Warrack, John (Hamilton) 1928-

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WARRACK, John (Hamilton) 1928-

PERSONAL: Born February 9, 1928, in London, England; son of Guy (a conductor and composer) and Jacynth (Ellerton) Warrack; married Elizabeth Cowley, 1955 (divorced, 1970); married Lucy Caroline Beckett (a writer), January 27, 1970; children: (first marriage) Simon, Nigel; (second marriage) Benedict, Christopher. Ethnicity: "British." Education: Attended Winchester College (London, England), 1941-46, and Royal College of Music, 1949-52; Oxford University, M.A., 1985; D.Litt., 1989. Religion: Church of England. Hobbies and other interests: Gardening, cooking, watching cricket.

ADDRESSES: Home—Beck House, Rievaulx, Helmsley, York YO62 5LB, England. E-mail— [email protected].

CAREER: Musicologist. Freelance oboist in England, primarily with the Boyd Neel and Sadler's Wells orchestras, 1950-53; Daily Telegraph, London, England, assistant music critic, 1954-61; Sunday Telegraph, London, chief music critic, 1961-72; Gramophone, Harrow, Middlesex, England, columnist, 1968—. Artistic director, Leeds Musical Festival, 1977-84; broadcaster on radio and television. Visiting lecturer, University of Durham, 1976-77; lecturer in Music, Oxford, 1984-93. Member of governing board, City Literary Institute, 1964-72. Military service: British Army, Royal Army Educational Corps, 1946-48, served in Greece and Egypt.

MEMBER: Royal College of Music (associate member), Royal Musical Association.

AWARDS, HONORS: Leverhume Emeritus fellow, 1994-1995.


Six Great Composers, Hamish Hamilton (London, England), 1958.

(With Harold Rosenthal) Concise Oxford Dictionary of Opera, Oxford University Press (London, England), 1964, 2nd edition, 1979, 3rd edition (with Ewan West), 1996.

Carl Maria von Weber, Hamish Hamilton (London, England), 1968, 2nd edition, Cambridge University Press (New York, NY), 1976.

Tchaikovsky Symphonies and Concertos, BBC Publications (London, England), 1969, 2nd edition, 1974.

Tchaikovsky, Hamish Hamilton (London, England), 1973.

Tchaikovsky Ballet Music, BBC Publications (London, England), 1979.

(Editor) Carl Maria von Weber: Writings on Music, Cambridge University Press (New York, NY), 1981.

(With Hugh Macdonald and Karl-Heinz Kohler) The New Grove Early Romantic Masters Two: Weber, Berlioz, Mendelssohn, Norton (New York, NY), 1985.

(With Ewan West) The Oxford Dictionary of Opera,

Oxford University Press (New York, NY), 1992.

Richard Wagner, Die Meistersinger von Nurnberg, Cambridge University Press (New York, NY), 1994.

German Opera: From the Beginnings to Wagner, Cambridge University Press (New York, NY), 2001.

Contributor to Grove's Dictionary of Music, 6th edition, and to periodicals and journals in his field, including Musical Times and Music and Letters. Assistant editor of Opera, 1956-61, member of editorial board, 1961-2001; member of editorial board of New Berlioz Edition.

SIDELIGHTS: John Warrack once told CA: "[My] main interests [are] Romanticism as a movement of European thought, especially its manifestation in music." Warrack has traveled as a music critic in most European countries, including Russia. He is competent in French, German, Italian, and has a working knowledge of Russian. He can read Latin and Greek and attempts some other languages in connection with his work. Warrack is particularly interested in German Romantic and Russian opera; he has made a detailed study of the works of Weber and is the author of several books about opera.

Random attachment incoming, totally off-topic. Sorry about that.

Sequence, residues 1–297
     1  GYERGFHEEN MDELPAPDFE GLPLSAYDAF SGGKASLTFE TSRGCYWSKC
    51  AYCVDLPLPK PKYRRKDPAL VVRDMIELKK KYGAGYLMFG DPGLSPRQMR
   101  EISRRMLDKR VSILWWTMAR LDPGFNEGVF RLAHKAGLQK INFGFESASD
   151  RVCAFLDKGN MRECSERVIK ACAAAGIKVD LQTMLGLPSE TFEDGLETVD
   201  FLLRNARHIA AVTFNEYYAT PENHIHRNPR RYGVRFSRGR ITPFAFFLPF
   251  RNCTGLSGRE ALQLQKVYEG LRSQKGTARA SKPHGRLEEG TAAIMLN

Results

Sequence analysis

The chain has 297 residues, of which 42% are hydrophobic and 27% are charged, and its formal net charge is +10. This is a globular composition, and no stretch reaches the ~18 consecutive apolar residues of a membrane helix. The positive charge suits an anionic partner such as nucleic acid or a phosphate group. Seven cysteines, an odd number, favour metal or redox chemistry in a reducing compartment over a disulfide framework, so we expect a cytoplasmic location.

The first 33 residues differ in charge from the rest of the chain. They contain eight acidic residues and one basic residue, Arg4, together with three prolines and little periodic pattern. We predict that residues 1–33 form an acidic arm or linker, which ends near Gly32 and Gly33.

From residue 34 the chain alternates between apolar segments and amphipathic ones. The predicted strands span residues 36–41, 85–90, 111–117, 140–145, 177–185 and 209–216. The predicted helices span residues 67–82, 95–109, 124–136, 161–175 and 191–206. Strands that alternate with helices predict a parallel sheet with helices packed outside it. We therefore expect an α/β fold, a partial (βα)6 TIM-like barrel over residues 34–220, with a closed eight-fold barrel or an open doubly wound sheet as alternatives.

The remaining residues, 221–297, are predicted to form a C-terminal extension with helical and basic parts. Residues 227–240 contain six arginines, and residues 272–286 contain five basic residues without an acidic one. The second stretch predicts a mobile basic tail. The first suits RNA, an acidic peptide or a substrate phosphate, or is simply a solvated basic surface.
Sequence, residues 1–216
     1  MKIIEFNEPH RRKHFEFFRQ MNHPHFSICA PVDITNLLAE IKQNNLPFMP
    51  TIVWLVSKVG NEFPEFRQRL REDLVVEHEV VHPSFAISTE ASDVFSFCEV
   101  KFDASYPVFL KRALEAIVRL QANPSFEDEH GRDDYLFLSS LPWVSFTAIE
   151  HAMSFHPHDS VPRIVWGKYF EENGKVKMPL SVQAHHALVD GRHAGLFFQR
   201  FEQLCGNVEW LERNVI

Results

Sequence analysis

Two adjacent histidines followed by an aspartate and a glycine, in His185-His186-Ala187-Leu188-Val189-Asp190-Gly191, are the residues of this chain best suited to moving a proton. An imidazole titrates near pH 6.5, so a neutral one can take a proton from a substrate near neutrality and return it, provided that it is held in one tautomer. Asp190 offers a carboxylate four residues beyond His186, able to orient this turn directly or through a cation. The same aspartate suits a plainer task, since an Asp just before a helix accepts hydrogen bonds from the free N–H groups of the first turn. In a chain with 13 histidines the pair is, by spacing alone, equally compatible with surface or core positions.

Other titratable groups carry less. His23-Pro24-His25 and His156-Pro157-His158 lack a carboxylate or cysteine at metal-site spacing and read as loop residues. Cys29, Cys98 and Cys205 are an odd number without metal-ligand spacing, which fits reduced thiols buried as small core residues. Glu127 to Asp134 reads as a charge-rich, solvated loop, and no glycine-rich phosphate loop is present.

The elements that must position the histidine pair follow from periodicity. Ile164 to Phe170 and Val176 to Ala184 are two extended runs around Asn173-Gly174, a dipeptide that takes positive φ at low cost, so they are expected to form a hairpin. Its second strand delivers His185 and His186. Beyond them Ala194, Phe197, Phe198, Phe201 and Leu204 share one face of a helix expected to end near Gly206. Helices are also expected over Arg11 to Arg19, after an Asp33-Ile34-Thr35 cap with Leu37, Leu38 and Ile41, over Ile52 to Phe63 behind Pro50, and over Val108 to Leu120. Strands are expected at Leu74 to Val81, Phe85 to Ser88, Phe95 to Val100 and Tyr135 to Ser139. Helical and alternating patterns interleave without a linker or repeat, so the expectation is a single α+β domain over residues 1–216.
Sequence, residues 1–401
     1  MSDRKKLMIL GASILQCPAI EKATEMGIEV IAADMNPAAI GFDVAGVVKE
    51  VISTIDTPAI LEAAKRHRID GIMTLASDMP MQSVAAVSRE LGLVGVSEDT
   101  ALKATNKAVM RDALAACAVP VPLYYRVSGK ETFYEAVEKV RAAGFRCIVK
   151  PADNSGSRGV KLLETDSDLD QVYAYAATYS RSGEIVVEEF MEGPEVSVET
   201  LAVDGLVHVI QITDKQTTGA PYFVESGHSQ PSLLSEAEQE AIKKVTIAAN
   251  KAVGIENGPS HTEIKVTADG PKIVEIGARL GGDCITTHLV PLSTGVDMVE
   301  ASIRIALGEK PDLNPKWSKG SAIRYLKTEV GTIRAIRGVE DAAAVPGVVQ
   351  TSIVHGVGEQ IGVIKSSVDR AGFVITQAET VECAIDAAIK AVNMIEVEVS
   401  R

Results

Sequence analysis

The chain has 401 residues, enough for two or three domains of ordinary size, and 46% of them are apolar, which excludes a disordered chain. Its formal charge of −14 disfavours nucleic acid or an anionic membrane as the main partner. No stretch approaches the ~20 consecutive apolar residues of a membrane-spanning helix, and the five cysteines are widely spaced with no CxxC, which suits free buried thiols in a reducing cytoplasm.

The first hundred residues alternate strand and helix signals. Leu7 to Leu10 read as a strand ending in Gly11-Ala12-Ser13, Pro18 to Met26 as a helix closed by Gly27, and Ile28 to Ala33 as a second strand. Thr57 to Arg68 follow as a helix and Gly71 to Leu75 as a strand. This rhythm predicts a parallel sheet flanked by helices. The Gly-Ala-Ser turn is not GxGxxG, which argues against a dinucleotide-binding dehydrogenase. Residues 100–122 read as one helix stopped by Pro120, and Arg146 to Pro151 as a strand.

In German Opera: From the Beginnings to Wagner, Warrack examines German-language music theater before Richard Wagner burst on the scene. As R. J. Stove noted in New Criterion, this early period "resembles not an artistic canon but a lunar landscape with a few mountains jutting forth from seas of all too forgettable tranquility." Weber and Mozart provided those mountains of greatness, but Warrack also discusses the work of lesser-known composers, such as Johann Caspar Kerll, Reinhard Keiser, Johann Adolf Hasse, and others. As Stove wrote, "We must therefore salute John Warrack . . . for artfully hammering out to over 400 pages a tale about which frankly the musical world does not give a damn and is unconvinced that it ever should." Despite the obscurity of this subject matter, Stove commented, "Warrack simply will not let your attention wander."

In Opera News, John W. Freeman described German Opera as a "rich and exhaustive maze of opera history," and commented that readers will "begin to realize how superficial our present-day assessment of the period is bound to be," when faced with Warrack's richly detailed presentation of that era. Times Literary Supplement reviewer Richard Lawrence wrote, "In its range and depth, John Warrack's book is a magnificent achievement."



American Libraries, January, 1993, p. 74.

American Music Teacher, February, 1982, p. 62. American Reference Books Annual, 1994, p. 56.

Booklist, February 15, 1993, p. 1082.

Choice, April, 1993, p. 1302.

Christian Science Monitor, December 4, 1992, p. 11.

New Criterion, May, 2002, R. J. Stove, review of German Opera: From the Beginnings to Wagner, p. 79.

Notes, March, 1995, p. 843; September, 2002, James Zychowicz, review of German Opera, p. 77.

Opera News, December 23, 1995, p. 32; March, 2002, John W. Freeman, review of German Opera, p. 94.

Quadrant, November, 2001, R. J. Stove, review of German Opera, p. 84.

Reference and Research Book News, March, 1993, p. 2.

Reference Book Review, January, 1993, p. 21.

School Library Journal, May, 1993, p. 139.

Times Literary Supplement, April 23, 1993, p. 16; April 19, 2002, Richard Lawrence, review of German Opera, p. 18.

Wilson Library Bulletin, May, 1994, p. 105.